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'Drastic change' as zero-subsidy stokes offshore wind tension: contractor

Boskalis claims 'drastically changed attitude' of clients and rise of disputes as sector looks to save costs

Offshore wind contractor Boskalis said the arrival of zero-subsidy projects has ratcheted-up “tension” in the sector amid a “drastically changed attitude” of its customers desperate to trim costs.

Netherlands-based Boskalis – a major player in offshore wind contracting in areas such as cable installation – said it is facing a “recent and unexpected” change in the commercial landscape in offshore wind that tainted its financial performance in the first half of 2019.

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CEO Peter Berdowski said: “Over the past six years we have built up a strong leading position in the offshore cable market in Northwest Europe. We have successfully completed many projects in close and constructive cooperation with clients. Recently, however, we are being confronted with a drastically changed attitude of many of these clients.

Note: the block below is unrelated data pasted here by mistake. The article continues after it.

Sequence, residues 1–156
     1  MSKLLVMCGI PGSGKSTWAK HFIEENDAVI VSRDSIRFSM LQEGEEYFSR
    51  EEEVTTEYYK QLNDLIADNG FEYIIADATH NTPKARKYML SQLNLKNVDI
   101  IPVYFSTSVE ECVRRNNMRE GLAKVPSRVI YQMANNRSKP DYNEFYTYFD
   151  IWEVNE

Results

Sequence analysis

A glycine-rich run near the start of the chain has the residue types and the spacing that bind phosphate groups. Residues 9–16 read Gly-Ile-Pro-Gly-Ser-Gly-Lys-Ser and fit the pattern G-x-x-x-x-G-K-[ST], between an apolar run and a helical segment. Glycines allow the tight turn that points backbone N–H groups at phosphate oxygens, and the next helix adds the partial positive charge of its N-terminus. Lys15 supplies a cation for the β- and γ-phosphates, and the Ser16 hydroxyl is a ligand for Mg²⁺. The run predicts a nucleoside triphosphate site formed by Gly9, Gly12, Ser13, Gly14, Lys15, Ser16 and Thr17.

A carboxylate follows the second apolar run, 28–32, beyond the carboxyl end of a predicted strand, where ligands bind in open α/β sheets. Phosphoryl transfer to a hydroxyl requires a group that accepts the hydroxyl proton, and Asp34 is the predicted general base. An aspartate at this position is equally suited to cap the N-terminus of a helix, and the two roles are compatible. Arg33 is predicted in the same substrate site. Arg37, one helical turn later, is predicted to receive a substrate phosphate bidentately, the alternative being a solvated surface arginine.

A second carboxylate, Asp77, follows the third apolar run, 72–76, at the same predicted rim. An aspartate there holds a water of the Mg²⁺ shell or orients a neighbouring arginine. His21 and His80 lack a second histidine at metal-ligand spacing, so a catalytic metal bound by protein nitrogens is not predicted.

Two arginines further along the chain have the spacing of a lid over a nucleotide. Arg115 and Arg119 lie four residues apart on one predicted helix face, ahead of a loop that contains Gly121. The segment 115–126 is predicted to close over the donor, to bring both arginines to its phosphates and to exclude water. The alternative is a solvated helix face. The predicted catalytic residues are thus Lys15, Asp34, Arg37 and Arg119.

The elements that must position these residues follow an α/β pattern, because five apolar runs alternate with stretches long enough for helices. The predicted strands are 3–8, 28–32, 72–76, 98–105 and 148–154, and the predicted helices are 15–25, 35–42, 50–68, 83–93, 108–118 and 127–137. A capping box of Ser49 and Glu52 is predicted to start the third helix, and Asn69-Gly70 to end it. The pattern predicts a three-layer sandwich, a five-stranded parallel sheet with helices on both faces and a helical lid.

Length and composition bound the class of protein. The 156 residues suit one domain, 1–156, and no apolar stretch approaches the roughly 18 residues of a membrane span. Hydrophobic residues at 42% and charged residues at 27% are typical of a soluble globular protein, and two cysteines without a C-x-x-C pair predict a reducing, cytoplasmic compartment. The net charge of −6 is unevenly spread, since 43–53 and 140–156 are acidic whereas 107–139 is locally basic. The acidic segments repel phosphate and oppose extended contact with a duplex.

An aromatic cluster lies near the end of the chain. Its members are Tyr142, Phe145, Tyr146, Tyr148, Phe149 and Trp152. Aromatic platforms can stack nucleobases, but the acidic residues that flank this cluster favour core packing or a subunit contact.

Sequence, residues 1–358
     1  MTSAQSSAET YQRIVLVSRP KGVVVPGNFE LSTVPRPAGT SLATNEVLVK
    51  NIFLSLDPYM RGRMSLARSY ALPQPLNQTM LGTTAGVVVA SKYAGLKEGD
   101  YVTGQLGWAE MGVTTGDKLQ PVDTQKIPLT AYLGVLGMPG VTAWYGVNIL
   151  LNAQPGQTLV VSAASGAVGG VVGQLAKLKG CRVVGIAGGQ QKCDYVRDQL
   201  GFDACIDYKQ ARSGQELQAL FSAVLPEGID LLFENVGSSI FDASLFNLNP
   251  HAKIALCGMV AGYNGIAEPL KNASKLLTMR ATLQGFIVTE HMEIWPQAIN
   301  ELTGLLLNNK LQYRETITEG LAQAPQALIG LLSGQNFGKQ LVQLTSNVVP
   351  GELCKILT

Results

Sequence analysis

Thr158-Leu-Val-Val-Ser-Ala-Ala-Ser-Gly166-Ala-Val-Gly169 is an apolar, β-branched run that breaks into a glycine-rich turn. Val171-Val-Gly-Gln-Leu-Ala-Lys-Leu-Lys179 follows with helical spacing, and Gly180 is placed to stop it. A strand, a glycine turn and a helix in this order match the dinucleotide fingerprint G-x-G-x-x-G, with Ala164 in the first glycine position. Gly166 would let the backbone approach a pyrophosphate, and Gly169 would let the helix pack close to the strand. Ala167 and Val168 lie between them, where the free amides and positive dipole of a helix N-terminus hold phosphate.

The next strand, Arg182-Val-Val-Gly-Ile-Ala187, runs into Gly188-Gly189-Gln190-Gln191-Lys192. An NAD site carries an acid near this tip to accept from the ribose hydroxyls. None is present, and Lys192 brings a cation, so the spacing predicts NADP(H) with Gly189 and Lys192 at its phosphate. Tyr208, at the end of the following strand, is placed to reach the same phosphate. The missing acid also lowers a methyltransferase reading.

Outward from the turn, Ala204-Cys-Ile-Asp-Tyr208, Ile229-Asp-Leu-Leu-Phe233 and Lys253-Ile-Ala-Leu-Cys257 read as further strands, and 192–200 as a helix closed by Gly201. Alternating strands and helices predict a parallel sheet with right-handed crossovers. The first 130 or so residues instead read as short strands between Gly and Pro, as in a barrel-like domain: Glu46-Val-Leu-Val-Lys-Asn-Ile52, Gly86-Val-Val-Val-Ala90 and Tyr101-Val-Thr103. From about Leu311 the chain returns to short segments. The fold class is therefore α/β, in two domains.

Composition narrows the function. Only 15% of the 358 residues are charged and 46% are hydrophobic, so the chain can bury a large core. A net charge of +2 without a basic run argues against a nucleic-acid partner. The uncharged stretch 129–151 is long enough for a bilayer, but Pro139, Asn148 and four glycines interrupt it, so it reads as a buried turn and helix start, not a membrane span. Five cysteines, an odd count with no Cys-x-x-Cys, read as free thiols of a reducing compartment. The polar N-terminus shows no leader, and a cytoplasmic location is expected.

“Under pressure from the disappearance of subsidies on wind farms, clients are keenly looking for ways to reduce costs,” added Berdowski. “This has resulted in a considerably more tense situation in the execution of projects and an accumulation of disputes on projects and lengthy claim procedures.”

Boskalis did not name any specific projects, but said the company would set aside €100m ($111m) as a provision against “onerous contracts” mostly in offshore wind cabling.

The company's flagship deals in the sector include work installing foundations for Orsted's Hornsea 1 and a contract for export cable installation at the yet-to-be-built Hornsea 2, which at 1.4GW will become the world's largest offshore wind farm when it enters service off the UK.

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Zero-subsidy contracts have become a key issue for the supply chain following their appearance in the European offshore wind sector, first in Germany but most notably in the Netherlands, which has held two auctions exclusively for bidders not seeking support – and in the case of the second, actually willing to pay “ground rent” for the seabed rights.

Boskalis posted a sharp fall in operating profit (Ebitda) to €136m for the first half of 2019, down from a year-earlier €167m.

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